Additionally, you can emphasize the importance of regular check-ins and updates to ensure the plan stays on track. Financial planning is not a set-it-and-forget-it service but requires ongoing monitoring and adjustments to stay relevant and effective. By highlighting the value of regular check-ins and updates, you can help clients understand that financial planning is not a one-time event but a long-term partnership that can help them achieve their goals.
Another way to emphasize the ongoing value of financial planning is to offer additional services beyond the initial plan. This could include investment management, tax planning, estate planning, or other related services. By offering a comprehensive suite of services, you can help clients understand the full scope of what financial planning can offer and reinforce the idea that it is a valuable ongoing relationship.
6. Communicate regularly and proactively.
Regular communication with clients is essential to keep them engaged and informed about their financial plans. Advisors should communicate proactively, providing regular updates on market conditions, performance, and changes to the financial plan. Clients should be aware of any new investment opportunities or changes to their portfolios that could impact their financial goals. Regular communication also builds trust and keeps clients loyal to their advisors.
7. Use technology to enhance the client experience.
Technology can be used to make financial planning more engaging and accessible for clients. Advisors can use online platforms to provide clients access to their accounts and financial plans, making it easy for them to track progress toward their goals. Client portals can also be used to provide educational resources, such as articles and videos, to help clients learn more about financial planning and investment strategies.
8. Collaborate with other professionals.
Collaboration with other professionals, such as accountants, attorneys, and insurance agents, can help advisors provide a more comprehensive financial planning experience for their clients. By working together, these professionals can ensure that clients have a complete understanding of their financial situation and can make informed decisions about their future.
9. Continuously improve the client experience.
The financial planning process is ongoing, and the client experience should reflect that. Advisors should continually evaluate their processes and services to ensure that they are meeting the needs and expectations of their clients. They should be open to feedback and willing to make changes to improve the client experience.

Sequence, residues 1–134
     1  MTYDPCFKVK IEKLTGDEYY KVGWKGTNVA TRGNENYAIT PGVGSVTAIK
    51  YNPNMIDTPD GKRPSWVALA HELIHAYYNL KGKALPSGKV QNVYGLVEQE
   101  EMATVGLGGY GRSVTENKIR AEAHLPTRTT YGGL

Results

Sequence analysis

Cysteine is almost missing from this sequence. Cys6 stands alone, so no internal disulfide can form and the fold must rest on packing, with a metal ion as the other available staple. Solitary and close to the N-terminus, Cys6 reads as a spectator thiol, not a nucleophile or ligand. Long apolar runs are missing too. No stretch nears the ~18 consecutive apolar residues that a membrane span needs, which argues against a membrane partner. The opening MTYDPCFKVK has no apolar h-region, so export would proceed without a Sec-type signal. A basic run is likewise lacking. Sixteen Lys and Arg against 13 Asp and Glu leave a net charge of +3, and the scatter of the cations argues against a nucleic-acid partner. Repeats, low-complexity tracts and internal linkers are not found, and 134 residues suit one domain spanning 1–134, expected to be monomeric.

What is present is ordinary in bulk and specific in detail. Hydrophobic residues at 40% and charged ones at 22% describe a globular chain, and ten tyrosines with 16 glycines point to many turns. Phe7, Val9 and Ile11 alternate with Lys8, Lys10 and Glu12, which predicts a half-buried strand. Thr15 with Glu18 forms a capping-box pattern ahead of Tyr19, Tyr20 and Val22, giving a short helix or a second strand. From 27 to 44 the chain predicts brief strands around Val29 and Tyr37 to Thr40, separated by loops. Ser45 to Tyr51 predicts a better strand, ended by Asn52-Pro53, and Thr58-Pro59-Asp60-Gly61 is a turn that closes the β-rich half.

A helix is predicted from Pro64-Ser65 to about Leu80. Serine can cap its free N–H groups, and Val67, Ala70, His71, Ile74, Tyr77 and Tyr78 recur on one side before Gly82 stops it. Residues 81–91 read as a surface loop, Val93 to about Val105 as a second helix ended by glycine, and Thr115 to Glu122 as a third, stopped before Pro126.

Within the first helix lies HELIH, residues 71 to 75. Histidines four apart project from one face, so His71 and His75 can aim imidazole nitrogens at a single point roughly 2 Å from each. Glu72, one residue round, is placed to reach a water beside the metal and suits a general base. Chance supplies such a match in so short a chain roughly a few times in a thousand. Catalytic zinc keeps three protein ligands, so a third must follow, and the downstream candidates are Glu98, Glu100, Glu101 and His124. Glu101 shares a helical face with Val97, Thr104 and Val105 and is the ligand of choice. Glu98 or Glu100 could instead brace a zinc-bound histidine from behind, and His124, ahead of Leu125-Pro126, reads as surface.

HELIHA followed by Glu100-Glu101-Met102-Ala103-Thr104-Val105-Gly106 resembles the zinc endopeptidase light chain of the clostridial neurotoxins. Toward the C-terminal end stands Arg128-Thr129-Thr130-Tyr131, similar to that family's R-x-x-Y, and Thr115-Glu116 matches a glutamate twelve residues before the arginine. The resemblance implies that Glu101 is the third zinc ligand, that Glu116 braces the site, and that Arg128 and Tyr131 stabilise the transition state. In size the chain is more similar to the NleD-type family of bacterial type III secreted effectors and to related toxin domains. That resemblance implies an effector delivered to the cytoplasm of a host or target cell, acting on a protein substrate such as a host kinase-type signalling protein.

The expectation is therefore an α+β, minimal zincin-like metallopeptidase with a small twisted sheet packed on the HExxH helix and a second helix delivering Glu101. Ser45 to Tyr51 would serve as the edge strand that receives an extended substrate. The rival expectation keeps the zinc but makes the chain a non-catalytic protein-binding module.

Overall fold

10. Develop a strong personal brand
A strong personal brand can help advisors stand out in a crowded marketplace and attract new clients. Advisors should focus on building their reputation through networking, speaking engagements, and thought leadership. They should also leverage social media to connect with clients and prospects and showcase their expertise and value.
Beckwith also points out that because the decision to buy a service will feel like a “risky” proposition for the prospective client (“How do I know if I will really get a service that is worth paying for?”), it’s important to do what you can to make the transaction feel less risky. For instance, Beckwith suggests offering a trial period or test project; in the context of financial planning, that might mean not insisting that clients do a comprehensive financial plan up front and instead offering a modular financial planning service for a standalone fee, such as a 2-hour Retirement Readiness Review and analysis for INR XXXX, and only then inviting the client to consider a more comprehensive financial planning solution after you have demonstrated your value proposition.
In conclusion, financial planning is an essential service that can help individuals and families achieve their long-term financial goals. However, it is an invisible service that can be difficult to quantify and communicate to clients. By following the strategies outlined in Harry Beckwith’s book “Selling the Invisible,” financial advisors can make their services more valuable and visible to clients. They can focus on building strong relationships, delivering exceptional service, and continuously improving the client experience. With these strategies in place, advisors can differentiate themselves in the marketplace and attract new clients while retaining their existing ones.